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How Services Firms Can Drive Successful Client Engagements 2023 How Services Firms Can Drive Successful Client Engagements 2023
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How Services Firms Can Drive Successful Client Engagements 2023

author - Warren Whitford
Warren Whitford
author - Rebecca Hammond
Rebecca Hammond
author - Sam Eaquinto
Sam Eaquinto
October 4, 2023 | Read Time: 5  minutes

In 2022, KLAS interviewed 27 HIT services firms with broad market experience, asking them about their best practices for driving successful client engagements. Drawing from those insights and correlating them with the KLAS performance data of high-performing firms, this study—part of KLAS’ Vendor Excellence series—looks at four critical areas firms should evaluate to ensure successful engagements: measurement of outcomes, sales and contracting, internal hiring and training, and engagement execution.

Measurement of Outcomes:
A Continued Client Relationship Is Not Best Indicator of Exceeding Client Expectations

Over one-third of firms say that having repeat engagements with a client is a key indicator that the firm is exceeding client expectations. However, top-performing firms are not included in this group; instead of using continued working relationships as a measuring stick, they look at other key indicators like partnership, evangelism, communication, account management, and execution. Healthcare organizations want to move beyond a transactional vendor relationship to a partnership where the firm’s end goal is not simply renewing the contract. One services firm respondent said, “The things that determine whether we exceed expectations are partnership, communication, and the client feeling that they always have us to go to. Client success has less to do with the shorter-term engagement and more to do with knowing we can always be counted on for help.”

key indicators of exceeding client expectations as reported by services firms
overall satisfaction and services firms top indicator of exceeding client expectations

Sales and Contracting:
A Well-Defined Methodology Helps Services Firms Strengthen Engagement Execution 

KLAS asked participating services firms how they craft a strong methodology for solving clients’ problems. While some explained their approach with clarity and in great detail, others struggled to define their methodology—these firms tend to receive lower ratings from clients in areas like engagement execution and money’s worth. One firm executive explained, “We need to listen and understand the scope of work up front. Us listening is paramount for project success. We have to document and understand exactly what the customer is looking for and be very direct with what is and isn’t in scope. Success starts up front with how we engage, listen, and manage expectations. Those things are critical. We document everything and get everyone to sign off. Then, depending on the type of project, there are stage gates and milestones to check along the way. Even with staff augmentation engagements, there is still an element of follow-up.”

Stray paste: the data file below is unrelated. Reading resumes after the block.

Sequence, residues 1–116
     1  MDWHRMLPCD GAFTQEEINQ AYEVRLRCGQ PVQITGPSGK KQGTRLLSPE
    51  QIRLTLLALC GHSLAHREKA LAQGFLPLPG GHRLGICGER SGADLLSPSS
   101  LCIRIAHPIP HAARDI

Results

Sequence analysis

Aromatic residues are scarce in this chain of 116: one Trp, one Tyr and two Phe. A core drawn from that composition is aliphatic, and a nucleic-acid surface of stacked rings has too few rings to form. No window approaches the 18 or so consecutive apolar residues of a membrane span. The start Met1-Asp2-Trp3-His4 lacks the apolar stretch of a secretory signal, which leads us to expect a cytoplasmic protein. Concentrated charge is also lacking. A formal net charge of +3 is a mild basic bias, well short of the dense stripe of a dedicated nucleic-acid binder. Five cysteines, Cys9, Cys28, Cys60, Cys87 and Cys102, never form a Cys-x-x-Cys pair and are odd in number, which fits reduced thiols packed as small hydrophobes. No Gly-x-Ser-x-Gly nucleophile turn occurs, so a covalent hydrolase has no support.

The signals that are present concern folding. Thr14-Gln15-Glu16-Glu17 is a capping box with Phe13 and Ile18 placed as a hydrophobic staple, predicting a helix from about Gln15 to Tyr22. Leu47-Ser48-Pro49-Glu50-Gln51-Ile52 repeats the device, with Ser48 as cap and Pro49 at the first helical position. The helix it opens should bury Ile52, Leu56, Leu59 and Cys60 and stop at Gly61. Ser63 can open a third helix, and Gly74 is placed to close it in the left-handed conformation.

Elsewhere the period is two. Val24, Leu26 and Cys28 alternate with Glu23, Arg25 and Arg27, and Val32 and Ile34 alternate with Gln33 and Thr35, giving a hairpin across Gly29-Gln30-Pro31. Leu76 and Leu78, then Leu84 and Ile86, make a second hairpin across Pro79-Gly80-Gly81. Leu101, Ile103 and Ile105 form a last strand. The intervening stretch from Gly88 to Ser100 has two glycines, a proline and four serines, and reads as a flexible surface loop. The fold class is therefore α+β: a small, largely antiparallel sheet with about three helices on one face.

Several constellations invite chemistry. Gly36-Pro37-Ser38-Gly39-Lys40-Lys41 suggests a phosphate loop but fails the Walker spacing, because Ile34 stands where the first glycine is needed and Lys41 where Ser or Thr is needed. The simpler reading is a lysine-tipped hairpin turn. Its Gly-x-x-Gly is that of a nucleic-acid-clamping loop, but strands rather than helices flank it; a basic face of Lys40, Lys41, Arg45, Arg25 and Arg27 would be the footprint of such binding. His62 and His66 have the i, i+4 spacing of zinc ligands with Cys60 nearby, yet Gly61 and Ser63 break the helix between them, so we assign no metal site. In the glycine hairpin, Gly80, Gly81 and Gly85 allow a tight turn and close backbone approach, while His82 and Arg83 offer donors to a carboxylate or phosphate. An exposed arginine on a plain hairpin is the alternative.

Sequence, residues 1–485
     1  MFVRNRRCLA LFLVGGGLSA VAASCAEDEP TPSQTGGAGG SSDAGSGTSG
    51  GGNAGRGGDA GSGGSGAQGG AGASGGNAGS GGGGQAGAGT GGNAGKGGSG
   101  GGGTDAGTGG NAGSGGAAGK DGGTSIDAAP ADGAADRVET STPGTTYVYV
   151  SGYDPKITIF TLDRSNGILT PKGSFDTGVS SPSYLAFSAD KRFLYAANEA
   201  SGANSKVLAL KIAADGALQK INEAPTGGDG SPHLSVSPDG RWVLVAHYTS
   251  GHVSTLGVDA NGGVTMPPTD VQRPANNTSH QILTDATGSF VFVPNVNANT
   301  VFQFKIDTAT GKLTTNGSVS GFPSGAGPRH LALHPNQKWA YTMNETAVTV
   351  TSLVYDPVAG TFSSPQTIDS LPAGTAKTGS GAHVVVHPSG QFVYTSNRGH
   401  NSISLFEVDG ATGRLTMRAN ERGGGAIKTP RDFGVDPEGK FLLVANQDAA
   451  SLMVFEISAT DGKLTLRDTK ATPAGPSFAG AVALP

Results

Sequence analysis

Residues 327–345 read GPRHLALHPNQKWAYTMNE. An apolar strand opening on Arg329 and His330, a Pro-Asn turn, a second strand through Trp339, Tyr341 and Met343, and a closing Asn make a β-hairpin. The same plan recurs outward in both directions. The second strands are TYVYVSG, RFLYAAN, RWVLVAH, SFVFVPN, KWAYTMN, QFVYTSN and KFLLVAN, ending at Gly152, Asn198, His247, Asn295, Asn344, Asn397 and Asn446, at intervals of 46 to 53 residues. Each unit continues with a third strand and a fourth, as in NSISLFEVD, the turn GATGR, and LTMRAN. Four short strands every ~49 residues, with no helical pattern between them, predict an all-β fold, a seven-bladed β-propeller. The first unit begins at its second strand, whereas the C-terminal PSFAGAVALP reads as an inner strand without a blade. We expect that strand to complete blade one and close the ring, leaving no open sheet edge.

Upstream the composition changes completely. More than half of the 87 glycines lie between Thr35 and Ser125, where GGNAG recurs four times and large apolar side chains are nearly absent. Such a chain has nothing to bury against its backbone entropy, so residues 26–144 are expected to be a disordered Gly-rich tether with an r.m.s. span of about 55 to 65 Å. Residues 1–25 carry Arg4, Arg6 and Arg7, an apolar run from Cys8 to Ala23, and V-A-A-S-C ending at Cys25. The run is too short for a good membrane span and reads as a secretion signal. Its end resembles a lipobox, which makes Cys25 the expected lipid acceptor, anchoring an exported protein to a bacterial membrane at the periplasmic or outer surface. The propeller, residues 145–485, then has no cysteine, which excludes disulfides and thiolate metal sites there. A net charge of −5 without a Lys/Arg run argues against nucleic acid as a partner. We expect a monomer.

Additionally, firms who use a strategic selling approach (i.e., the representative advises and consults with the client to discuss problems and build solutions) see high client satisfaction across many metrics, like overall satisfaction, quality of staff/consultants, drives tangible outcomes, exceeds expectations, and strength of partnership. Clients of these firms tend to feel more loyal to their firm, though this doesn’t necessarily reduce their perception of being nickel-and-dimed.

engagement execution and services firm methodology

Internal Hiring and Training:
Services Firms with Job Shadowing Programs Are More Likely to Exceed Client Expectations

When firms have their employees participate in job shadowing and on-the-job training beyond just the standard onboarding process, it can positively impact the client experience; in general, firms that incorporate job shadowing are more likely to exceed client expectations. Further, clients of these firms are more satisfied with executive involvement. One firm executive shared, “Typically, we hire somebody that has experience, and we give them somebody to shadow. The training is more standardized and prescriptive for onboarding specifics. But after that, the hiring manager assigns somebody to work with the new hire and shadow them throughout the process.” Most firms also offer team- or project-specific training; however, organization-wide training can contribute to higher client satisfaction with engagement execution. Firms with a niche focus are more likely to have organization-wide trainings, thus having more opportunities to strengthen engagement execution for clients.